Empathy in the Time of Coronavirus — Rate Dynamics and the Maintenance of Health Care Workers (VI)

Braden at Loon Lake — a happier time

One of the things that I’ve discussed in the context of the COVID-19 epidemic is that it is primarily a disease of our immunosuppressed. That tells you a lot about how we need to view the disease in terms of how it actually works, and how we need to frame our discussion going forward. I’ve been Tweeting about this all week — that viral DOSE matters. Why? Two populations are getting hit pretty hard. One, of course, is the immunosuppressed. But the second is our health care providers. And believe it or not, the physics of what is happening to both groups is remarkably similar.

What matters in the context of viruses like COVID-19 is the viral replication rate, as well as the immune response rate — how fast viruses manage to make themselves (modeled, once again, by the ever-popular exponential curve) and how fast the immune system scales up the various antibodies and white blood cells that form the main line of defense. The fact that multi-celled organisms exist is a sign that we’re better at this in the long run than single-celled organisms, like bacteria, or those super-small strands of encapsulated DNA that make up viruses.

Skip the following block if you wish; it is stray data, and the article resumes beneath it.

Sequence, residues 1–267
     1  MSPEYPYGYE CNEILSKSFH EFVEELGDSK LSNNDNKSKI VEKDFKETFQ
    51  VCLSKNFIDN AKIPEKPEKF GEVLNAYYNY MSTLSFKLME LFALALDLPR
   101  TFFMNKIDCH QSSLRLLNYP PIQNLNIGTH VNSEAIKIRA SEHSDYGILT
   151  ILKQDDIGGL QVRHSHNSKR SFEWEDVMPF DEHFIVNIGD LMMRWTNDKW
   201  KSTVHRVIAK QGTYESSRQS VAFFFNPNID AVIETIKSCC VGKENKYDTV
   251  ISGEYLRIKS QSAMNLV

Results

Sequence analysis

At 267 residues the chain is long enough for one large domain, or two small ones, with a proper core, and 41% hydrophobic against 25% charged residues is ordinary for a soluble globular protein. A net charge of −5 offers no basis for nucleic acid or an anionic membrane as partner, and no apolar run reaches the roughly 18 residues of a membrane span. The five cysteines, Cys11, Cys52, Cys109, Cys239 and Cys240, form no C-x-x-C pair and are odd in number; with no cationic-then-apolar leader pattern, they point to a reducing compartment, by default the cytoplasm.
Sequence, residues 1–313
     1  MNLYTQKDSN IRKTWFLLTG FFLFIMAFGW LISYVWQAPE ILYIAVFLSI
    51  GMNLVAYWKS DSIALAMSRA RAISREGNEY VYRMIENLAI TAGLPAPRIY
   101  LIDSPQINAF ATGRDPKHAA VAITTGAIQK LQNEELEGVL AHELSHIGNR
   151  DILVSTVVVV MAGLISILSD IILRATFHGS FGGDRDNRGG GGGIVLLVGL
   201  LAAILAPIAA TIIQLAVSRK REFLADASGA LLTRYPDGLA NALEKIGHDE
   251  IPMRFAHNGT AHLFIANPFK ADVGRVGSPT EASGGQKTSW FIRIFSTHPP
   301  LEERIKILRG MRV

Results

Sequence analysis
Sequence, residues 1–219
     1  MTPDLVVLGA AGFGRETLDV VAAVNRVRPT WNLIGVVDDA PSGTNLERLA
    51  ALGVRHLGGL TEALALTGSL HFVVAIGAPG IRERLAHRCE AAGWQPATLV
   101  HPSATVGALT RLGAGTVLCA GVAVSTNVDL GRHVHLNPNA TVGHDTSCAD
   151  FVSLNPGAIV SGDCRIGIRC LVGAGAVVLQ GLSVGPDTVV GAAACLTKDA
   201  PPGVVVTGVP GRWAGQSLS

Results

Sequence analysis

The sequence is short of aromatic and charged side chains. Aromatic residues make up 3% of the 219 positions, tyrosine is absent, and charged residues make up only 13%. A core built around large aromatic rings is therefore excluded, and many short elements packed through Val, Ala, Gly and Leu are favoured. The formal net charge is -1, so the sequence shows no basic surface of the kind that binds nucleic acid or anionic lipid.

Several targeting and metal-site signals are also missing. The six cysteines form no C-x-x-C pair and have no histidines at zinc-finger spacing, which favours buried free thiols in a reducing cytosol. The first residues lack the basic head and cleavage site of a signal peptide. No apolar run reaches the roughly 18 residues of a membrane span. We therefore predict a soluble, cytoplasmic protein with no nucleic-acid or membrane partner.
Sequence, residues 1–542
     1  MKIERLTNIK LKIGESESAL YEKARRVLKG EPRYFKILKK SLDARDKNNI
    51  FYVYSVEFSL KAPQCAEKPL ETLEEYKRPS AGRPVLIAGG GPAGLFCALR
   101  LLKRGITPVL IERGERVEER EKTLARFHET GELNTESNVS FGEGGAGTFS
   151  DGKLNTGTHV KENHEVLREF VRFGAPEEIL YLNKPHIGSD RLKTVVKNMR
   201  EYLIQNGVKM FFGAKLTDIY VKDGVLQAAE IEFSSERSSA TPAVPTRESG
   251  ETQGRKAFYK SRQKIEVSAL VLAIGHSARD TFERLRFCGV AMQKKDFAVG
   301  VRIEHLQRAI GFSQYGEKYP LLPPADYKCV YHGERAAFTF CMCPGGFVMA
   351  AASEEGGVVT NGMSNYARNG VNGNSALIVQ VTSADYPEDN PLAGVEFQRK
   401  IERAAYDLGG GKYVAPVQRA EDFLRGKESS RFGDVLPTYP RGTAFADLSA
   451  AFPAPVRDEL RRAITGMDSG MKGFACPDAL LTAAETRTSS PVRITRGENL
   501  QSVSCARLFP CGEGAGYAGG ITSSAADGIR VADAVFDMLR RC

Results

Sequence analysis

But that’s cold comfort to someone suffering from COVID-19, in a major way.

So let’s break this up into the three cases, and take the broader view of what’s happening.

Case 1 – viral replication rate >> immune response rate

In this case, the body doesn’t stand a chance. You get infected, you’re the perfect petri dish, the virus overwhelms your immune system, and you die. Viruses like Ebola, with potential death rates of 90%, operate under these principles.

Why aren’t there more of these? Well, viruses that do this kill off their host. And unless they can survive living in a buzzard’s gastrointestinal tract, you rot on the ground and that virus is not successful. Humans encounter these types of viruses, they flare up, and then an outbreak ends relatively quickly, because the transmitter is, well, dead.

Case 2 — viral replication rate << immune response rate

In this case the virus doesn’t stand a chance. The poor, hapless virus floats into your system, tries to grab on, and then the immune system reacts/overreacts and pulverizes the virus. Dosage — how much of the virus you get into your system — matters. If you don’t get any kind of dose, you won’t see any kind of symptoms at all, as your mean immune response will likely take care of this in no time at all. This is the kind of thing we see with a common cold, typically a rhinovirus. A few symptoms, followed by a cessation in a day or two. And if the cold isn’t particularly virulent, or you don’t get a big dose, you likely will never know that the virus entered your body.

This kind of virus isn’t a whole lot more successful than the first, as it gets wiped out relatively quickly. It has to have someplace to go hang out until conditions (temps./humidity) are ripe for it to come out again.

Case 3 — viral replication rate ~= immune response rate